Wednesday, January 13, 2010
Pyramid Power, Part 2
The introduction of the 4-2-4 by Vicente Feola's Brazil in the 1958 World Cup, and its shift to 4-3-3 for the 1962 instalment, are well-known. But Wilson goes to some lengths to show that the 4-2-4 developed gradually from the old W-M formation...and that it wasn't quite as simple as just the three lines.
Having watched a couple of Brazil's games from that 1958 tournament, I have to agree with him. The general view is that the left-winger, Mario Zagallo, dropped back into a deeper position in the later tournament, constituting a tactical adjustment. He was further back in 1962, but it's clear even in Sweden that he was operating not at all like a traditional winger. He scuttles back and forth along the touchline, now helping out his full-back, and now making an unexpected appearance in the opposition penalty area, memorably so after a sweet inter-passing move in the first half of the semi-final against France. One could, in fact, call Zagallo the first of the modern wide players.
Then there's the question of Bellini, the centre-back who doubles as a half-back at times in 1958. In him, the remnants of the W-M are visible; even in 1966, Bobby Moore sometimes appears to be more a half-back than a central defender, playing off Jack Charlton and providing a vital link to the midfield. The days of a super-strict four-in-line defence were still some way off.
Now to probably the most famous World Cup side of all, the great Brazilian team of 1970. I've now managed to track down and watch all of their games from Mexico, and although their football was often exhilarating, my feelings about the side are somewhat mixed. The defence was, more often than not, a wreck, and the only two teams to really take the game to them were England (who were a little unlucky to lose) and Peru (whose defence was even more porous than Brazil's). So whence their mythical status? As Wilson perceptively comments, the arrival of colour television played a huge part here. And there was another factor:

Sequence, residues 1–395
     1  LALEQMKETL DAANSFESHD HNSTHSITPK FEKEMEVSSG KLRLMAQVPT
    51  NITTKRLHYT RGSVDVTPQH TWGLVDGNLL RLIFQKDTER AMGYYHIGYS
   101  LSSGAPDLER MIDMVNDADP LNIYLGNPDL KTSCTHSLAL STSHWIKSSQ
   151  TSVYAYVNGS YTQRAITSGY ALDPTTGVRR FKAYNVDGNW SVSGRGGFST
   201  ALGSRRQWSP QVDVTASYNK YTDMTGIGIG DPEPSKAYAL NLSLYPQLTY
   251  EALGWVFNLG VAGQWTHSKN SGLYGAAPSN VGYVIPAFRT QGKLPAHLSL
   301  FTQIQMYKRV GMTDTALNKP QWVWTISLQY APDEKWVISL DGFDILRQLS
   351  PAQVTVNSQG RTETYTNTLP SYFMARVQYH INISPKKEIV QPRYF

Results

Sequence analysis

It was exuberant, it was brilliant...but it marked the end of the age of football's innocence. In club football, in Europe at least, that era had ended much earlier, but in Mexico, the heat and the altitude combined to make pressing or any kind of systematic closing down of opponents impossible. For the last time in major competition, there was space, and Brazil had a team perfectly equipped to make the best use of it.
In fact, I would argue (as I have before, to general shock and dismay) that the Brazil 1970 side would have been overrun by any of the top three teams at the 1974 World Cup, had they been magically transported four years into the future.
But another small feature of the 1970 team which is not so commonly mentioned is that it presaged the demise of the pure winger in Brazilian football. Wilson, in his excellent diagram on page 261, makes this clear.
Garrincha, the hero of 1958 and 1962, may have been incomparably brilliant in his time, but by 1966 his style - sticking resolutely to one wing, and relying mainly on trickery to swerve past his man - came a cropper against a fluent and well-organised Hungarian side. Jairzinho, the 1970 hero, started on the opposite wing in that game, and based his game mainly around pace and strength. He was, in fact, a converted centre-forward, and later in that game he did move into the middle. In 1970, he did so frequently.
The other "winger" of 1970, Rivelino, was a No.10 by inclination, and started two of Brazil's games in Mexico in the centre. By 1974, both Jairzinho and Rivelino were stationed in the middle of the park, and Brazil had begun the era of the attacking full-back. Fast forward to 1982, and there was the first of the 4-2-2-2 formations that Brazil became famous for, although the deeper midfield pair were nowhere near as defensive as the 1994 duo of Dunga and Mauro Silva. Further on, to 2002, and the era of the winger was long forgotten; it was three central defenders, with wing-backs left to patrol the flanks on their own.